Cartoon about prohibition: The Flower

Discuss

38 Responses to “Cartoon about prohibition: The Flower”

  1. Anonymous says:

    So, if this video is to be believed, life was wonderful and there was no crime or unhappiness prior to 1619 when marijuana was first made illegal?

    I’m in favor of decriminalizing marijuana, but this video was dumb.

    • Bill Barth says:

      Anon: I’m pretty sure the 1619 Jamestown Colony law was a law REQUIRING folks to grow marijuana not one making it illegal.

  2. magpiekilljoy says:

    Sigh. I’m all for legalization, but… the moral of this movie seems to be “industrial capitalism never hurt anyone.” The smiling happy industrial monoculture was just too much for me.

  3. lionelbrits says:

    A couple of things bothered me…
    * The flowers look more like opium poppies than marijuana leaves. Opium never hurt anyone?
    * When someone lights up a joint, it doesn’t smell like daisies. I’ve smelled daisies. They don’t make me want to throw up.

    I understand that these are tangential issues but when you use fantasy to dress up fact, it becomes propaganda. I think legalization could be a good thing, but this is propaganda, and sends the message that people who need convincing are simple minded.

    • Brainspore says:

      Also: the real Stalinists weren’t animals who lived on a farm. Orwell FAIL.

    • Eris Siva says:

      The people who need convincing ARE simple-minded.

      They’re the same people who believe that cannabis causes mental problems and crime. They’re the same people who have a suit walk about, waving his arms in an animated way and shouting “It’s for the children! THE CHILDREN!!!”

      Combat fire with fire, dontcha know.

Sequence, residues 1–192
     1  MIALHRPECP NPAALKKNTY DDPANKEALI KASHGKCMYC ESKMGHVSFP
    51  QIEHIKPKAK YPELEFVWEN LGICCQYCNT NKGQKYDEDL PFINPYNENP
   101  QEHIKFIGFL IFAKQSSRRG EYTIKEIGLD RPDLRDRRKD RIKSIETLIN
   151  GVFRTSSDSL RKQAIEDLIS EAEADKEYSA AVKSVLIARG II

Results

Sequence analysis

GeekMan – Oxygen causes harm when overused. What’s your point?
      So does coffee. And alcohol. And Vicodin.
      And apparently komboucha, according to my state.

      • lionelbrits says:

        “The people who need convincing ARE simple-minded.”

        Shhh… the adults are talking.

        • Eris Siva says:

          My point, of course, being that there are people on both sides (and the middle!) who have well-thought reasons for and against prohibition. And I fully support both sides.

          But, we both know that this isn’t the majority of Americans. Or even the ones who count. Most American citizens are reactionary dullards who were carefully molded by Ye Olde Public Schoole Systemme and listen very well to what their teachers say.

          No need to be snide.

          soongtype – Great point. I would also like to point out, before you get the obligatory “you’re irresponsible for driving high” comments, that people would probably crap themselves if they knew how intoxicated (with legal substances prescribed by doctors) their fellow motorists are.

          Gutierrez – Thank you. I fully agree with your assessment of the hurdles we face with decriminalization/regulation/legalization/whathaveyou.

          What is so excellent about the current movement in the medical-marijuana industry is that we are getting to figure this out in REAL LIFE (emphasis for my excitement, not shouting) rather than in a theoretical way. In fact, just recently there was a push for corporatization of supply for the dispensaries in California. What is more American than the struggle of a small business with a corporate giant?

          There’s a fantastic book called Drug Crazy by Mike Gray that outlines many of the problems being faced, and the solutions that have already been found in real-world scenarios. Highly recommended reading.

          • WizarDru says:

            “But, we both know that this isn’t the majority of Americans. Or even the ones who count. Most American citizens are reactionary dullards who were carefully molded by Ye Olde Public Schoole Systemme and listen very well to what their teachers say.

            No need to be snide.”

            Was that intended to be sarcastic? Because as far as I can tell, you just said that the majority of Americans are stupid and that most of them don’t count….and then proceeded to chide someone for being snide?

          • Eris Siva says: